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CD Review

Anton Bruckner

DGG 459663

Middle Symphonies

  • Symphony #3
  • Symphony #4 *
  • Symphony #5
  • Wolfgang Mozart: Symphony #35 ("Haffner")
SWR Stuttgart Radio Symphony Orchestra/Sergiu Celibidache
* Swedish Radio Symphony Orchestra/Sergiu Celibidache
Deutsche Grammophon 459663-2 ADD/DDD 4CDs: 61:14, 69:02, 58:44, 41:06, plus a 39:19 bonus disc
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This set complements Deutsche Grammophon's earlier release of Celibidache conducting Bruckner's Seventh, Eighth, and Ninth Symphonies (DG 445 471-2). These, like their predecessors, are live recordings. The Fourth ("Romantic") was recorded in 1969 with the Swedish Radio Symphony Orchestra, while the orchestra was performing in Berlin. The Third and Fifth Symphonies were recorded in 1980 and 1981, respectively, in Stuttgart. The Fifth is this set's only digital recording. The Mozart "Haffner," which serves as a makeweight for Bruckner's Fifth, was recorded in 1976.

There was no one quite like Celibidache. He avoided making studio recordings, believing that they were a falsification and a fossilization of musicianship. Since his death, his family has permitted the release of select concert recordings by EMI Classics and Deutsche Grammophon. In so doing, they hope to preempt the flood of unauthorized and potentially inferior recordings that unavoidably results when the work of a cult musician enters the public domain.

These were memorable concerts. It was relatively late in his career that Celibidache earned his reputation as a Bruckner specialist. Whether one likes these performances or not, one cannot deny that they are the product of the conductor's intense intellectual application, as well as his spiritual sensitivity to sound. As such, any listener who loves Bruckner's music must hear them, because they will teach him or her much.

There are many challenges to the status quo here. For example, the opening paragraph of the Third Symphony – characterized by an almost conversational approach to phrasing – will seem incredibly self-indulgent to some, and revelatory to others. Or, to give another example, Celibidache has completely rethought tempos in the last movement of the Fourth Symphony, even earning the approval of the British Bruckner scholar (and a fine composer in his own right) Robert Simpson. The result will seem brutally slow, but one can't deny the conductor's logic, and the emotional impact – at least for me – is overwhelming. Here, as in his other Bruckner performances, Celibidache shifts the weight of the symphony from the first movement to the last. In Simpson's words, "Sergiu Celibidache has magnificently shown that the whole of the Finale is really an adagio."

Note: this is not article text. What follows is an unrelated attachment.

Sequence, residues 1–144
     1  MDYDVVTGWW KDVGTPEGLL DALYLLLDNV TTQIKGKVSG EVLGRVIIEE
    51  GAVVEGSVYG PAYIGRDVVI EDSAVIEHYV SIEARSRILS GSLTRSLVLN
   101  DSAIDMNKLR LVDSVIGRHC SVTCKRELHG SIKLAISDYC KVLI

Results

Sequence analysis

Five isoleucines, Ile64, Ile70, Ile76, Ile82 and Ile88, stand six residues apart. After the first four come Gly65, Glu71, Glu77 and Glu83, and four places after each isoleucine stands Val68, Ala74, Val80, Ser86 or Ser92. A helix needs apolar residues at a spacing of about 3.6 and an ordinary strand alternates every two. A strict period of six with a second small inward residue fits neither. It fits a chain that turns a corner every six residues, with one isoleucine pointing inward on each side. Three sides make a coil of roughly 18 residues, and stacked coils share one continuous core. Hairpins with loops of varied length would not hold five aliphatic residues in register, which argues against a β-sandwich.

The Munich Philharmonic readings on EMI Classics are the slowest of all. In 1987, Celibidache's total timing for the Third Symphony was 65:32, four minutes slower than the Stuttgart reading released here. The timing for the Fourth was 79:11 in 1988, ten minutes slower than this Swedish reading. It might be said, then, that these Deutsche Grammophon recordings show Celibidache traveling towards a destination that he has almost reached in his Munich recordings. Those who find Celibidache's last performances too extreme still might be convinced by the performances included in this set.

Understandably, the brass tire near the end of each work, particularly in the Fifth Symphony. Otherwise, the orchestral playing is excellent, although I have a slight preference for the sound of the Munich Philharmonic. There were times when the musicians in Celibidache's orchestras were required to play in an unconventional manner. For example, Celibidache asked string players to draw their bows across the strings more slowly and heavily than other conductors did. If a soloist played like this all the time, it would sound strange indeed, but if an ensemble plays like this, the effect can be magically full and intense. It is techniques such as this one that give any orchestra, even those not in the world's uppermost class, the "Celibidache sound" (if such a worn-out cliché can be repeated) no matter how taxing the playing conditions.

Mozart's "Haffner" receives a dashing performance. Celibidache plays a cat-and-mouse game with dynamics in the symphony's opening phrase, and from there to the end of the work there's never a dull bar. The slow movement is lovely (although never completely relaxed), and the finale is treated as a virtuoso showpiece. It's not a Mozartean reading, but it works.

The bonus disc contains excerpts of a rehearsal of the Fifth Symphony. These, of course, are in German. No texts and translations are provided, so this bonus is of limited value for those who don't understand German.

Celibidache frequently spurs the orchestra on with harsh yells during the Third Symphony, and this can be frightening until you figure out what it is. There are occasional audience sounds, but no applause. Although these recordings were not originally intended for commercial release, the sound is fine, just short of studio ideals. This is tribute not just to DG's current remastering technicians, but also to the original engineering team, who could not foresee the reputation that Sergiu Celibidache would have in the year 2001!

Copyright © 2001, Raymond Tuttle

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